Driven by four fundamental market shifts, the industry is moving to a shared marketplace that demands improved collaboration and specialization
Paris, June 4, 2019 – The World FinTech Report (WFTR) 2019, published today by Capgemini Efma, indicates that even though Open Banking has yet to reach maturity, the financial services industry is entering a new phase of innovation – referred to as “Open X” – that will require deeper collaboration and specialization. The report advocates that banks and other financial services ecosystem players must begin to plan accordingly and evolve their business models.
The WFTR 2019 identifies a dual challenge: FinTechs are struggling to scale their operations and banks are stalling on FinTech collaboration. As a result, industry players are looking to leapfrog beyond Open Banking towards Open X, which is a more effective, structured form of collaboration, facilitated by Application Program Interface (API) standardization and shared insights from customer data. The era of Open X will create an integrated marketplace, with specialized roles for each player that will enable a seamless exchange of data and services, improving customer experience, and expediting product innovation.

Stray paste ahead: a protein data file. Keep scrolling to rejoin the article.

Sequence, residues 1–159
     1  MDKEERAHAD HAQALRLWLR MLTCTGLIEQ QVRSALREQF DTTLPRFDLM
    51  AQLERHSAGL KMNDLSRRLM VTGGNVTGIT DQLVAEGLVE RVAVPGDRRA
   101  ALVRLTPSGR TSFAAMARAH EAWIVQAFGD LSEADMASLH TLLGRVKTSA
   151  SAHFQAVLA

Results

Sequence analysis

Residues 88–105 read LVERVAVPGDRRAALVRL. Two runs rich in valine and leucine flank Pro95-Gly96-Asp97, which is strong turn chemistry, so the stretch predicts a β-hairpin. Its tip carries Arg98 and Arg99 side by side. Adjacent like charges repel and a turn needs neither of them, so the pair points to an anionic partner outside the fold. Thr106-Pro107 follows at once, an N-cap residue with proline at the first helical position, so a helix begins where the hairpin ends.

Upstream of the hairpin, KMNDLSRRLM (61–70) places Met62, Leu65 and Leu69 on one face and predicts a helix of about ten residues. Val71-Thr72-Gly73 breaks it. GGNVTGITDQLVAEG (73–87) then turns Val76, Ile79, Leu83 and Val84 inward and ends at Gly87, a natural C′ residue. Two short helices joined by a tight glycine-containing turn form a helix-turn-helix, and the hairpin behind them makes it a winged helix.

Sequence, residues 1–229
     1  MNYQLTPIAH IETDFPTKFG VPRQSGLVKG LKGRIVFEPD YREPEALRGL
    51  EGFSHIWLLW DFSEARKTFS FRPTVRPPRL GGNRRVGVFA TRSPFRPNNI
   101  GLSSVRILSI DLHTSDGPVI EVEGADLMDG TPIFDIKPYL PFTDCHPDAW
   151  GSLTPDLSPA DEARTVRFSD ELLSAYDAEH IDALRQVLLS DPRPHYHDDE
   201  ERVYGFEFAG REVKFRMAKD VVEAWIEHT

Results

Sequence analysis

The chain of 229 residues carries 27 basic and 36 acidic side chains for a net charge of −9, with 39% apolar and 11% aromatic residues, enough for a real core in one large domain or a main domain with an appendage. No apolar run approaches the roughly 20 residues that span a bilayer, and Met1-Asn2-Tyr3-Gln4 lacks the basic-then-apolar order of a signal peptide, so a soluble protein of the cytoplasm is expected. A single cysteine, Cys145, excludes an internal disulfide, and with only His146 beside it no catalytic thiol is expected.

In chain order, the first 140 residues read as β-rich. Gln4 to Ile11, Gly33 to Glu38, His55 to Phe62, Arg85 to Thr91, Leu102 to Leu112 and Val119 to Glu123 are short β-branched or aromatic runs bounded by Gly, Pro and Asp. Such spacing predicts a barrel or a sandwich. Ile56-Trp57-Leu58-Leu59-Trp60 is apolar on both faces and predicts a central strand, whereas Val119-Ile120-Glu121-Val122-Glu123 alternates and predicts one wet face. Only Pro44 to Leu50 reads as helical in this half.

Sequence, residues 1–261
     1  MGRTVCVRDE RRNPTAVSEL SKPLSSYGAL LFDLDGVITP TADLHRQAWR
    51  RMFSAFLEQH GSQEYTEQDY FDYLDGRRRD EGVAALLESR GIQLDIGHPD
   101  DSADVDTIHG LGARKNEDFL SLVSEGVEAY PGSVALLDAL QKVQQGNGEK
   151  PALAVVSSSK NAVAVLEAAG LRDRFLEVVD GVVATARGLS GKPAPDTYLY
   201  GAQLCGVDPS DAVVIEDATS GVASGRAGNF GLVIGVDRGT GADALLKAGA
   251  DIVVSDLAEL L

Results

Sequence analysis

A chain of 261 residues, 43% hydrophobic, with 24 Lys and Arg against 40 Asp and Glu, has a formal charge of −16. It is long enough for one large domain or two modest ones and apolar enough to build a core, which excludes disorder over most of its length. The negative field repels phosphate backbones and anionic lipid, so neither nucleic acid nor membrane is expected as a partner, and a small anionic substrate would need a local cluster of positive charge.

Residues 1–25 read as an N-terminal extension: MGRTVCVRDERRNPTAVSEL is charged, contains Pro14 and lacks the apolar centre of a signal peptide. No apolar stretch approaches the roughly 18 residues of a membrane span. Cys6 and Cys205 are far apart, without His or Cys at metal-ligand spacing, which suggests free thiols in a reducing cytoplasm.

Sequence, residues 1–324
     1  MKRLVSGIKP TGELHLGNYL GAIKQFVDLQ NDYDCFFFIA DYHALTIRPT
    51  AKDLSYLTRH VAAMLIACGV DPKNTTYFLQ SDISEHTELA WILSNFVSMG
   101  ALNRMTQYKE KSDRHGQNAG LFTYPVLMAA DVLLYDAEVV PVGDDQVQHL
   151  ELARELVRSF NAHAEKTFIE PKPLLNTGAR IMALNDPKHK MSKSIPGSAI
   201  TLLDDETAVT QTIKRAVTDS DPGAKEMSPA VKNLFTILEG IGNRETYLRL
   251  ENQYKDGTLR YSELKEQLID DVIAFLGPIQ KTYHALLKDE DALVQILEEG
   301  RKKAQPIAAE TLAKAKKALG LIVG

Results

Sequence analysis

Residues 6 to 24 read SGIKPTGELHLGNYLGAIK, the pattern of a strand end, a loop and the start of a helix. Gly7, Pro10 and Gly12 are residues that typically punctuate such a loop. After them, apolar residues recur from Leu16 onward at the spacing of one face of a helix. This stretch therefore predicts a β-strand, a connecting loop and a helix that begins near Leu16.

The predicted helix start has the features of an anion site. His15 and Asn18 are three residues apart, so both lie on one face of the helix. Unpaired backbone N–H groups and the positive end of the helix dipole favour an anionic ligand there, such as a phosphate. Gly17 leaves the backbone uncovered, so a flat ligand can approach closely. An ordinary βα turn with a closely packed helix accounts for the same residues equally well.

Key findings of the report include:
Open X will transform industry norms and assumptions
The advent of Open X is being driven by four fundamental shifts:
- A move away from a focus on products to an emphasis on customer experience
- The evolution of data as the critical asset
- A shift from prioritizing ownership to facilitating shared access
- Emphasis on partnering to innovate instead of buying or building new solutions
Open X will lead the financial services industry to a shared ecosystem or marketplace, in which the industry reintroduces the re-bundling of products and services, and both banks and FinTechs must re-evaluate their strategy for innovation and serving customers.
APIs will be critical Open X enablers
APIs, which allow third parties to access bank systems and data in a controlled environment, will be catalysts to creating the Open X marketplace. While customer data is already widely shared and leveraged in the industry, standardized APIs are not commonplace. Although requirements and regulations are complex, standardization will help to reduce fraud, improve interoperability, increase speed to market, and enhance scalability.
The WFTR 2019 also finds that industry players are looking at two potential monetization models for APIs – revenue-sharing (which 60% of banks and 70% of FinTechs think is feasible) and API access fees (supported by 46% of banks and 55% of FinTechs). However, only about a third of banking executives said they are currently well equipped to monetize APIs.
Privacy, security and collaboration concerns may slow progress